This folder contains two separate Unity projects - a 3D inverted pendulum, and a robot arm, that explore using Unity as a physics engine to simulate reinforcement learning agents. Instead of using closed form solutions to accomplish their respective tasks - the agents use some arbitrary mapping of observations to actions that was learned through training. Both agents use proximal policy optimization (as the reward was given at each timestep and was thus not sparse), a discount factor
gamma of 0.99. The state value function for both agents was approximated using a neural net with 128 hidden units over 2 hidden layers.
Untrained 3D Inverted Pendulum
Trained 3D Inverted Pendulum
Untrained Robot Arm
Trained Robot Arm
3D Inverted Pendulum
The 3D inverted Pendulum problem is a generalization of the inverted pendulum problem. Instead of a rectangle constrained to move in a 1D line to balance the attached weight, the 3D inverted pendulum consists of a cube constrained to move in a 2D plane to balance a weight.
The height of the rod is maximized when the rod is perfectly balanced; thus the agent was trained to maximize the y position of the weight being balanced.
The neural net takes in a 10 dimensional input. 4 of the 10 inputs represent the x and z coordinates of the position and velocity of the actuated cube (y was neglected as the cube cannot move in the y direction). The other 6 inputs represent the x, y, and z positions and velocities of the weight being balanced. The positions and velocities of the weight were transformed to a local coordinate system before being passed on as inputs, as only the relative positions and velocities between the weight and the cube are relevant to balancing the weight.
The agent indirectly controls the x and z velocities of the cube by applying forces to move the cube within the xz plane. Thus, the agent gives a 2 dimensional output that represents the force, up to 25 Newtons, to be applied to the cube in the x and z directions. The position and velocity of the balanced weight was controlled indirectly by the connection between the cube and the rod and the connection between the rod and the weight.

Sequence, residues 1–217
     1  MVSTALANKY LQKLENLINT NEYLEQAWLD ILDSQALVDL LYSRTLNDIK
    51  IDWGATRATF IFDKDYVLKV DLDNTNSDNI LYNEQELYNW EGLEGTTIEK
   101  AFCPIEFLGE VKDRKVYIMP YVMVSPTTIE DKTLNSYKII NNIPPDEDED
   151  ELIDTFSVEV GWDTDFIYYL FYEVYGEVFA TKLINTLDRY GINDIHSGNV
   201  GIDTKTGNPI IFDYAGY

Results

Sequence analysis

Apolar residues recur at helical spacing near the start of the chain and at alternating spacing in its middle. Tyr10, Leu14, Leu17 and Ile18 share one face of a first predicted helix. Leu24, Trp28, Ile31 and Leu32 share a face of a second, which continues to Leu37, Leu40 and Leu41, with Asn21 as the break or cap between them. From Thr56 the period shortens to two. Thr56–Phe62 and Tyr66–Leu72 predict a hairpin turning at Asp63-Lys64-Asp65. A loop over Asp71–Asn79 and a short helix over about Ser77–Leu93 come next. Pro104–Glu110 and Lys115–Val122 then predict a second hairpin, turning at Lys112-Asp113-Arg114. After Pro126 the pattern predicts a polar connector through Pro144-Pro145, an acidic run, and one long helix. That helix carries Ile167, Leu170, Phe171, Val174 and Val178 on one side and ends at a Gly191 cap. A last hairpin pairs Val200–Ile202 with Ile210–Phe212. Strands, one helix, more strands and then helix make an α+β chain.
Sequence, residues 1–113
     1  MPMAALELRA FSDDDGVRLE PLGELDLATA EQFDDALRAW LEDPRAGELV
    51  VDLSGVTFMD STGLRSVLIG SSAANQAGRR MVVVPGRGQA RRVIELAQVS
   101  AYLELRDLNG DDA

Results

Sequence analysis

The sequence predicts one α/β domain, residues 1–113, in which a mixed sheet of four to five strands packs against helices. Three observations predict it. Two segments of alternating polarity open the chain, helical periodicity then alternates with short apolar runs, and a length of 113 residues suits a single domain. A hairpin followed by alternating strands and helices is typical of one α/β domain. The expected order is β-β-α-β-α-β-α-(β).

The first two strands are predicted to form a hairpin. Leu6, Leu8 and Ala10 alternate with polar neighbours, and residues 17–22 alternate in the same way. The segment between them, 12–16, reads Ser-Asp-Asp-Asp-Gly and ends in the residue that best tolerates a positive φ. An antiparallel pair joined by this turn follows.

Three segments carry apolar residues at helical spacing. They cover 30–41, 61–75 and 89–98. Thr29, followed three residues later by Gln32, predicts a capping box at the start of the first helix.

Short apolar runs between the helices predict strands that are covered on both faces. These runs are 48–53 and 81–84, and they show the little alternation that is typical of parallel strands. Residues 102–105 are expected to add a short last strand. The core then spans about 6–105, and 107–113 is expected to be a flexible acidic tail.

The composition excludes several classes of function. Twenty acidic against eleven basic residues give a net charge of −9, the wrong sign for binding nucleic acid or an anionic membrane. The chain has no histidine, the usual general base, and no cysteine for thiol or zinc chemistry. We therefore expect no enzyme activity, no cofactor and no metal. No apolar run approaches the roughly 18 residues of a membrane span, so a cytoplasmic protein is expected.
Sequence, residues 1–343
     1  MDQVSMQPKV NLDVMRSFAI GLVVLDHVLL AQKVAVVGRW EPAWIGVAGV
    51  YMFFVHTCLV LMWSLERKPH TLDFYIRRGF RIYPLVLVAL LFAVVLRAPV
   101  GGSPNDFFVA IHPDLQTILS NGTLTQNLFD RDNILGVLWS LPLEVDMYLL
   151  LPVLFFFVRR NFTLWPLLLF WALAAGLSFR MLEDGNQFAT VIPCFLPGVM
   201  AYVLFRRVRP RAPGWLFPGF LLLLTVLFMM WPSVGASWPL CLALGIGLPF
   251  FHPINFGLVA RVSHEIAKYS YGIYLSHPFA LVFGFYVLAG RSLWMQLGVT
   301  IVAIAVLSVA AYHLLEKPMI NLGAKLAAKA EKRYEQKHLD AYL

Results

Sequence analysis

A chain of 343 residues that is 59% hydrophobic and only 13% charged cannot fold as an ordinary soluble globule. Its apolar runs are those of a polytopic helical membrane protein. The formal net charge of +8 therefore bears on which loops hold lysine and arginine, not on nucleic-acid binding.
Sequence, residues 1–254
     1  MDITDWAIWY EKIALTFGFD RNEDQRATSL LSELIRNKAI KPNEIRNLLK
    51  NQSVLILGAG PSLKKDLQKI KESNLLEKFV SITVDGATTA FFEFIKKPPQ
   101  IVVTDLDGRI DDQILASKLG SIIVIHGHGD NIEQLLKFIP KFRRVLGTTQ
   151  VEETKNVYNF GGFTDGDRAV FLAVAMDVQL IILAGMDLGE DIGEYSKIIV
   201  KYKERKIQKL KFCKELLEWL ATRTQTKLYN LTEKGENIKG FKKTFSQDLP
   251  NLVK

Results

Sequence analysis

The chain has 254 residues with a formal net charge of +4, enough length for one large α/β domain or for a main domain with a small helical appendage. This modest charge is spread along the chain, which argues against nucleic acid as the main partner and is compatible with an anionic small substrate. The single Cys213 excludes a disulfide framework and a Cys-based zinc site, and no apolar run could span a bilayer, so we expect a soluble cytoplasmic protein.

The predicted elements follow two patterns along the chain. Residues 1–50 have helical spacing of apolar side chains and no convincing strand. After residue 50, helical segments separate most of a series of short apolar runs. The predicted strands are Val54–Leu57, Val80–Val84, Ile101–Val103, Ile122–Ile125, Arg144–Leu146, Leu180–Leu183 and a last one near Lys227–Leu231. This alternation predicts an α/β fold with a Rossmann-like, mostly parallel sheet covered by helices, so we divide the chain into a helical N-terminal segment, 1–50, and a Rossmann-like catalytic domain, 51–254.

Training episodes were reset if the y component of the weight was negative (i.e. if the weight fell below the cube) or if the cube’s position moved outside of a 10x10 square centered on the origin in the xz plane.
The Robot Arm project contains an abstraction of an arm that is fixed at the shoulder. The agent solves the task of navigating the hand to a randomly generated goal position, shown by a red cube. The goal position is constrained to always spawn within the arm’s reach, which can be represented by a sphere with a radius equal to the arm’s length. The arm components are modeled as rigid bodies (i.e. no deformations were modeled) and thus all possible movements of the arm can be modeled as a set of independently applied torques to both joints.
This project was inspired by another Unity robot arm project, though the agent in this repo uses torque-based actuation to control the arm rather than directly controlling the angles of joints. A torque-based actuation was chosen to explore whether the agent could find the correct sequence of torque applications to overcome gravity to lift the arm up to positions.
The agent was trained to minimize the distance between the target cube and the hand (though reward functions are typically framed as a maximization problem, and thus was framed as maximizing the negative of the distance between the target cube and the hand).
The neural net takes in a 16 dimensional observation input. 12 of the 16 dimensions are the x, y, and z positions and velocities of the hand and elbow. Similar to the weight inputs for the cube agent, the elbow inputs use a local coordinate system to define relative positions and velocities with respect to the hand’s relative positions and velocities. 4 of the 16 dimensions represent a quaternion of the orientation of the shoulder joint.
The agent outputs a 4 dimensional output vector of torques to be applied to the joints. 1 output dimension indicates the torque to be applied to the elbow joint (which is modeled as a hinge joint and thus can only rotate about a single axis). 3 output dimensions indicate the torques to be applied about 3 axes on the shoulder joint (which is modeled as a ball and socket joint and thus can rotate about 3 axes).
Training episodes were reset once the arm reached the goal, which was found by checking if the hand was within a given tolerance distance (chosen to be 0.7 meters) within the center of the target cube.